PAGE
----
RA: I had to look at my own notes, I was here twice in ’99 doing Solar Anus so at Hot House and at Chris Kellner’s gallery Hook Torture and I hadn’t realized I haven’t been here since then.

AH: Yeah it’s been a while

RA:Yeah, I mean climates change. Randolph Street Gallery closed and all those places I would have went back to.

AH: I’ve actually been through the Randolph street archives and have seen videos of your work there and you really could feel its loss once it was gone here. I am interested as you are here working with Defibrillator a newer performance space what are the correlation and difference between these kinds of spaces in this new kind of art climate?

RA: I think it just takes energy to make things happen. It’s not really that the climate is any different. A lot of spaces with the same history as Randolph Street that go back to NEA funded times, but really even before that these are artist run spaces and they don’t, move with the times. So there was this gap and it takes someone high energy like Joseph (Ravens) to get people to work together. I mean even for these pieces I am doing this week and that he realized that Defibrillator itself would be a crunch and he found the right place off site, this is another way of working the art space because the space is so important. Some pieces I feel like I don’t want to be in a place that shows work, like you know this site specific thing becomes a more neutral space than that black box or white wall hygiene kind of space.

AH: Your work is very versatile where you can perform in a lot of different kinds of spaces. I mean you can do that black box theater, the white-walled gallery, you can do performance art spaces or even S&M clubs so you have a versatility in where you can perform and also a little bit in your performativity, you engage various kinds of performance. What’s the difference in working in these spaces? Is there a benefit to being flexible?

RA: Well, I wish I could still perform in clubs still, but I did evolve out of that scene. That allowed me to workshop before even any idea of funding to make the gig possible came up. For some pieces I think I might be precious about it being there. I tend, since I started doing the self-obliterations, I like being in with the audience. For the most controlling side of me, a perfect black box with the floors freshly painted and super duper lights, because you’re not fighting the white wall sucking the light out from one minimal light that happens to be shining. It’s a more controlled situation and I do work in lighting illusions and those sorts of things. So that’s if I’m being precious but it’s not necessarily the best feeling, the way I feel interactive with the audience or the space. But I think to get away from those white gallery walls I did start staging pieces in the middle of the room so that the people are the frontdrop and backdrop. You know I don’t come out of this tradition of thinking of live art as an extension of gallery, my work doesn’t come from there, I fully understand work that does but I’m not so keen on this… of course I love the perfect image, the perfect photograph but that’s not the work. I’m always concerned with how many cameramen are in there. I thought we were watching a work.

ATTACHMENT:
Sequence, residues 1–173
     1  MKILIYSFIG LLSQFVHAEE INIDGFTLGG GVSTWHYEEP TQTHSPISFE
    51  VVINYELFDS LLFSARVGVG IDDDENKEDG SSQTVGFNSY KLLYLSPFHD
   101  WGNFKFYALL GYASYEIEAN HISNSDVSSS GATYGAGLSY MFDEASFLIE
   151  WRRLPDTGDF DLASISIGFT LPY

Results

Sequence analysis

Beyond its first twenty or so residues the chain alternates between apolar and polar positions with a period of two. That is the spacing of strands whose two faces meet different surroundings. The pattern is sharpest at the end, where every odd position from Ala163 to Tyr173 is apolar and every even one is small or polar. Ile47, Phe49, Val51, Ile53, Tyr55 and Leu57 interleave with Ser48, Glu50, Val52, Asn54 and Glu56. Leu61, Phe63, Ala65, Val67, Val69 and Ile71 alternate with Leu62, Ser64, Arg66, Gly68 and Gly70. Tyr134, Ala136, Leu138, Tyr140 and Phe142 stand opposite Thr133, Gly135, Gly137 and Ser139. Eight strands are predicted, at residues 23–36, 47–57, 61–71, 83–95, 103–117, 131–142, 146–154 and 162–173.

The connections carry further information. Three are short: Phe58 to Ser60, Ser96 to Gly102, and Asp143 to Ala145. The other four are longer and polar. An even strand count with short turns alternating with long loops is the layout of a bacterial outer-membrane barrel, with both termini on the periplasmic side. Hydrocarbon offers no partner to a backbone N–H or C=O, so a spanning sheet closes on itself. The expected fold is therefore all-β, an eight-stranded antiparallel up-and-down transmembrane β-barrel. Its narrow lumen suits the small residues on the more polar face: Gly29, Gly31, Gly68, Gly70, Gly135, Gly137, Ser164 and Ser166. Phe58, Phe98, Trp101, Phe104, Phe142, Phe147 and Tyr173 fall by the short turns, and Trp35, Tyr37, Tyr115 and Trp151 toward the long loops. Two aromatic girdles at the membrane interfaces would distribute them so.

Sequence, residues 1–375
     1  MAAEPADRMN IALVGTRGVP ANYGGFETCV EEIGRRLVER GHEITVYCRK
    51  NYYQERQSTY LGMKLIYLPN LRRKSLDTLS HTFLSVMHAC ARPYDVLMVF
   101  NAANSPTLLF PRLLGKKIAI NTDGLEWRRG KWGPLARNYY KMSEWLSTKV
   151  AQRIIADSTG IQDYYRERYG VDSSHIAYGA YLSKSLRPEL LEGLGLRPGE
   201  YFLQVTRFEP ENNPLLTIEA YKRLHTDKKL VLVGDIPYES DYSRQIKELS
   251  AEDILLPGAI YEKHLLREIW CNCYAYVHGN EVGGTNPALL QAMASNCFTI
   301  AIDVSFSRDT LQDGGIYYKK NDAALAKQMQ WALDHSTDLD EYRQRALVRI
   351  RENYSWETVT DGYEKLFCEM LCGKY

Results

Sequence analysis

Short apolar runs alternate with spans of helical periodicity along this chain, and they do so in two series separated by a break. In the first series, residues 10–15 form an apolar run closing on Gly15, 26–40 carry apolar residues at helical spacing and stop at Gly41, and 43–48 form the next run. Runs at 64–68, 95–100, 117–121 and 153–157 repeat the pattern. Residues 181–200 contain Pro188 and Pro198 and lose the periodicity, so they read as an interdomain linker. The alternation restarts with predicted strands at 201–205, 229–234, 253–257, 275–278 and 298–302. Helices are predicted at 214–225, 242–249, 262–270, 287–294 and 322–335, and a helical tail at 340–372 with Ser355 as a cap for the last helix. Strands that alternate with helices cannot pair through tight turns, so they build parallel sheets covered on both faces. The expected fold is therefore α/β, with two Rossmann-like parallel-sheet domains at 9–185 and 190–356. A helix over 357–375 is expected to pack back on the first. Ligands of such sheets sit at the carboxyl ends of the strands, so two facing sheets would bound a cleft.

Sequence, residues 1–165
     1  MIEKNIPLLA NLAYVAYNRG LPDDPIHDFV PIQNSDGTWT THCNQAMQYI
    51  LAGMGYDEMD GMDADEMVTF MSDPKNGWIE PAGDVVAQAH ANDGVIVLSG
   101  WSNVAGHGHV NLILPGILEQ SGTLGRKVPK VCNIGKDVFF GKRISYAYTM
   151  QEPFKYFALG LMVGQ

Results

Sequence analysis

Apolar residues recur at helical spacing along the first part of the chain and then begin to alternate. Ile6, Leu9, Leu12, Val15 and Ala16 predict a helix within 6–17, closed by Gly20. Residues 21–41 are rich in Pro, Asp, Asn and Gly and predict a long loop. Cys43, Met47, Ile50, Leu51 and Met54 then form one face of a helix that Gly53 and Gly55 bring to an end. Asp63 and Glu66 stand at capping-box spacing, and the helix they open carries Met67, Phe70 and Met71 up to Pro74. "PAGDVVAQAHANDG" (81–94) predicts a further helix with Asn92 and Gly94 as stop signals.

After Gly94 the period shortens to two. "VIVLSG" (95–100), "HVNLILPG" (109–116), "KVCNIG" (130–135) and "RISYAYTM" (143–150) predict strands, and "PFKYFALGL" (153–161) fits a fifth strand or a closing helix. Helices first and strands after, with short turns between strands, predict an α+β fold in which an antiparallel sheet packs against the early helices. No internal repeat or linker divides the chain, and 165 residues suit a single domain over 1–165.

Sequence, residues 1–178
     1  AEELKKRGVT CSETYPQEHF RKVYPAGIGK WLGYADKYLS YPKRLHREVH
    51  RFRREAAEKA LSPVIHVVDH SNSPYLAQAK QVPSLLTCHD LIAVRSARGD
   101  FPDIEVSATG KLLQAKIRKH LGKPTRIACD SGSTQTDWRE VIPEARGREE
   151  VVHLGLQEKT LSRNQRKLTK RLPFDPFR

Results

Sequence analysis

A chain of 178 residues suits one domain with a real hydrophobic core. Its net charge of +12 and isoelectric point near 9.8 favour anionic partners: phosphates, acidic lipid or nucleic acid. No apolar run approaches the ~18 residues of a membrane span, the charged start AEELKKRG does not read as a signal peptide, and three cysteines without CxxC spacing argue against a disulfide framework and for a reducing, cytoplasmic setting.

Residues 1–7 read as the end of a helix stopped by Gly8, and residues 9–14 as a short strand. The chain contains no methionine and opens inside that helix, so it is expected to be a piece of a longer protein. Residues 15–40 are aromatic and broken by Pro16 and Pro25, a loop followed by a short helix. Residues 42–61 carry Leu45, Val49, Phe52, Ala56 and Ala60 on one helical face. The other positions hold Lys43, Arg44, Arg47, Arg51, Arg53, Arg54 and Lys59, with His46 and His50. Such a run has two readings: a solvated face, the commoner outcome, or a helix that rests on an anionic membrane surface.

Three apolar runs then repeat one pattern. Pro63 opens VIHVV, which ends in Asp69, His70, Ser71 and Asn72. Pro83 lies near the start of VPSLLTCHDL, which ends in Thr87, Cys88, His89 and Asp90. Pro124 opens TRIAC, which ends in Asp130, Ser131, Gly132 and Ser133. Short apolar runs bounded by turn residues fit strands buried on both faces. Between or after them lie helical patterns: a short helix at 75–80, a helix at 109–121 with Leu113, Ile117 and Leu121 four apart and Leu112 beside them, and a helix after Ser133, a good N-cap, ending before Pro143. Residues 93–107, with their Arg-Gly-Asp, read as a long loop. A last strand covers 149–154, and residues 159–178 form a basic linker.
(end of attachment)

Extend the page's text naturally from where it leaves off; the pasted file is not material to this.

AH: Especially nowadays with camera phones it’s interesting to have that camera lens constantly there.

RA: I think you have to think about what you are not experiencing while looking for that shot and also, do you care about the work, or are you just documenting your own life?

AH: So we touched on your definitions of live art and performance art. There are always different definitions. What are your thoughts on that?

RA: I think you get this polarization. This is the gallery school, and this is the theater school, but actually my background was through the Pentecostal church, particularly woman evangelists who did illustrated sermons starting in the 20s with Amy Semple McPherson, who built Angelus Temple in Echo Park and later Miss Velma (Jaggers) who built the jeweled altar from the Book of Revelations and who would appear as the whore of Babylon swinging in on a crescent moon using all the 70s technology, like the echo box, strobe lights and fog machines. So, performance art is this other type of sacred theater without the belief system in it. In abstract terms I might still use a thing like the audience is the witness, and its not about second guessing what their boundaries are, what they will experience, what they come in the door with. It’s impossible to know. It’s a mix of things, which is what it should be.  Also it’s about what mode you are in. It’s obviously not acting, so it’s just full of these triggers to go into, not an altered state where you look like your fitting or asleep but some heightened state. I like art that rides a line between art and not art at all.

544742_203769679788261_1683607048_n

AH: I was wondering if you could tell us more about your book, “Pleading in the Blood”, and your process of making it.